Almasi shines at 2013 Capablanca Memorial

by ChessBase
5/3/2013 – With a certain irony, the 2013 Capablanca Memorial was held on the exact same days as the Alekhine Memorial, and thus the two former giants remain rivals even today. Hungarian Zoltan Almasi, playing his first edition of this classic, scored a brilliant first in spite of a loss, but it was a celebration of Cuban chess at this festival of activities. Here is the illustrated report.

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Almasi shines at 2013 Capablanca Memorial

By Miguel E. Gómez Masjuán

The playing hall where both the Elite and Premier events took place

For the first time since 2010 the Capablanca Memorial Elite group did not include GM Vassily Ivanchuk among its participants. In his six trips to Havana, the Ukrainian has only lost two games and only once was his ultimate triumph in danger. His unfortunate absence led to a variety of predictions and more than a few hoped GM Leinier Dominguez would win his third title in this event. As it was, the best chess player in Latin America, with 2723 Elo, finished in third place.

In the Elite there were several unexpected results. In his first trip to Havana, the Hungarian Zoltan Almasi (2689) left a very good impression, and dominated the group with 6.5/10, thanks to  four wins, five draws and a lone setback. The veteran player, aged 37, added fifteen Elo points and will now return to the ever expanding list of players rated over 2700.

Hungarian Zoltan Almasi had a brilliant tournament and came sole first despite a lossAlmasi’s only failure in the tournament was against the player that impressed the most in 2013 Capablanca Memorial: GM Yuniesky Quesada. With a mere 2608 Elo, the player from Villa Clara seemed destined to occupy the last position. However, he displayed a very high standard that allowed him to lead the event until the penultimate round, when he finally lay down his king in capitulation to the Russian Ernesto Inarkiev (2688), which cost him a relegation to second place.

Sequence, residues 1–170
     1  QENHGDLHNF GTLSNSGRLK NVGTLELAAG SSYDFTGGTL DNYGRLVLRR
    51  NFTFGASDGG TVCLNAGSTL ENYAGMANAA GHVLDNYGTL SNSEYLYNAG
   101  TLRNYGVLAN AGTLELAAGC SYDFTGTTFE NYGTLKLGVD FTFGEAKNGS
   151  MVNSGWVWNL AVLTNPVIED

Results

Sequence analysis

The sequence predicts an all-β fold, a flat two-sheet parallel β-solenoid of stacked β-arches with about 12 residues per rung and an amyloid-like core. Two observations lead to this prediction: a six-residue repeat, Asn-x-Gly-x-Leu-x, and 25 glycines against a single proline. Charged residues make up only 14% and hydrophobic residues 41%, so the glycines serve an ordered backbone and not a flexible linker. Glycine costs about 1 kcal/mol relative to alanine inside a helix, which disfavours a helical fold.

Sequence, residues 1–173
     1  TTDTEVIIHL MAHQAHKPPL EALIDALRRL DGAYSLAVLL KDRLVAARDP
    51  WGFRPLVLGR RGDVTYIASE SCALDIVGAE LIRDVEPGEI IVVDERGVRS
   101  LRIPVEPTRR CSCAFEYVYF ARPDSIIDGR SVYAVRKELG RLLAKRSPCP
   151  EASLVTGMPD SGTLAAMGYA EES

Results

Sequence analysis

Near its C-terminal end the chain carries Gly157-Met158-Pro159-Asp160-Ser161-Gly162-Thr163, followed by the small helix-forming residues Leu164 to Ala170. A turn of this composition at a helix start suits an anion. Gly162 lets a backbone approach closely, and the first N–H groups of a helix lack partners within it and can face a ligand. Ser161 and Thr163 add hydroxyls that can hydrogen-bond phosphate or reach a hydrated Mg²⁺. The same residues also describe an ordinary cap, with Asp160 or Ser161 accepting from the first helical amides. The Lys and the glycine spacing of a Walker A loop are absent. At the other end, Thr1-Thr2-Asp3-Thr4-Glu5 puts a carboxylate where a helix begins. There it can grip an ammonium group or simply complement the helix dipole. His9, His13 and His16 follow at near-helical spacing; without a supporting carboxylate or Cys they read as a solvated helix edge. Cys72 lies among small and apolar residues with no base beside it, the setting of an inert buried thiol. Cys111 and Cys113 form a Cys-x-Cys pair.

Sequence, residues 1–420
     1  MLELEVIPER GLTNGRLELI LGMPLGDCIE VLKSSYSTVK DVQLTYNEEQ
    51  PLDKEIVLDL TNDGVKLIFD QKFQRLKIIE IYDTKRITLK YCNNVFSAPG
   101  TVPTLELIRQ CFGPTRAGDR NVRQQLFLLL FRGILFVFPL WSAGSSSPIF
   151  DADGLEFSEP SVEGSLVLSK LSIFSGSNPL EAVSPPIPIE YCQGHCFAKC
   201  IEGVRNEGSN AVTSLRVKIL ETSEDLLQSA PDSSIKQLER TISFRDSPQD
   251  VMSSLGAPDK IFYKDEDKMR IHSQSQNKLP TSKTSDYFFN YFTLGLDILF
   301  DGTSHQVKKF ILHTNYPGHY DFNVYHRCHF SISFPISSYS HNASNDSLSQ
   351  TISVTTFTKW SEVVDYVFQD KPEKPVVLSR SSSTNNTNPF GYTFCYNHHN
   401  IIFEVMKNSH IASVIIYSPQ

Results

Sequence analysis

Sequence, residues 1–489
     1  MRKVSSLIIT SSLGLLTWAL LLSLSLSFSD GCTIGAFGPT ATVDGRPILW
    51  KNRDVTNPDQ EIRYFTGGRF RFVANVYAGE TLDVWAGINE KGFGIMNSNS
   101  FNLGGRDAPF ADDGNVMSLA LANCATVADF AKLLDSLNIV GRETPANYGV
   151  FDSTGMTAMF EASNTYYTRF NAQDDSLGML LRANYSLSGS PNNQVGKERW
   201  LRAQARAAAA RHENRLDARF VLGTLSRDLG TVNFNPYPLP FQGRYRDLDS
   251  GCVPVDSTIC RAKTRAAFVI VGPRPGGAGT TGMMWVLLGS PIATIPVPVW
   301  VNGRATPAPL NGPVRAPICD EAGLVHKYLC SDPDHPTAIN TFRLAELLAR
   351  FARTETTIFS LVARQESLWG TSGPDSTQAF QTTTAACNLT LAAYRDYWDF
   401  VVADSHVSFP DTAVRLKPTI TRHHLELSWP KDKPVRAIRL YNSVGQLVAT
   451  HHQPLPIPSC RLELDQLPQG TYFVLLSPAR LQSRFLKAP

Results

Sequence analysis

Quesada and Dominquez came in second and third at 6.0/10 (photo by Calixto N. Llanes)The final round presented a "conflict of interest" for both Cuban representatives. Quesada and Dominguez have known each other a long time, and both are members of the national team. In fact Quesada has even been Leinier’s second in recent events. The schedule put them face to face in the last round and a win by either might challenge Almasi for first. What was the decision? A quick draw that gave first place to the Hungarian. Perhaps it would have been more interesting to see an "open fight", in pursuit of the gold.

Final standings of Elite

Linares – the best Cuban in the premier

The playing area of the Premier tournament

The Cuban Oleiny Linares (2321) from Santiago had a spectacular tournament, ending undefeated on 7.0/9 with five wins and four draws, and thus scored her second International Master norm. Behind Linares was the Nicaraguan IM Carlos Dávila (2304) who had an identical score, but was edged out on tiebreak

Cuban Oleiny Linares (2321) playing black was a class act as she took first ahead of the men

In third place was Cuban FIDE Master Yasel Borges (2426) who added yet another
IM norm to his prize list.

Final standings of Premier

Bruzón unable to shine in the open

GM Lázaro Bruzón, the second highest rated Latin American chess player with 2707 Elo, declined to participate in the Capablanca Memorial. He was busy playing in Costa Rica, where the Zonal 2.3 tournament was hosted with two spots for the next World Cup, in Tromso, Norway. Unfortunately for him, visa problems prevented him from going to Norway and as a result Bruzón chose to play the event. Since the lineup for the Elite had already been confirmed, the only option left was the Open.

IM Juan Carlos Obregon (2501) on the left came first with 8.0/10 and a grandmaster normThis tournament was a ten-round swiss and though Bruzón was the overwhelming favorite, with the next highest rating at 2570 points, things did not work out for him. The bad news soon appeared as he was held to draws by Yunier Leyva (2408) and Ermes Espinosa (2461), but the real disaster was in the seventh round, when he succumbed IM Alexey Fernandez (2453).

Though he responded with wins, first went to IM Juan Carlos Obregon (2501), who finished with 8.0/10 and a sublime grandmaster norm.

Pictures by María del Carmen Ramón


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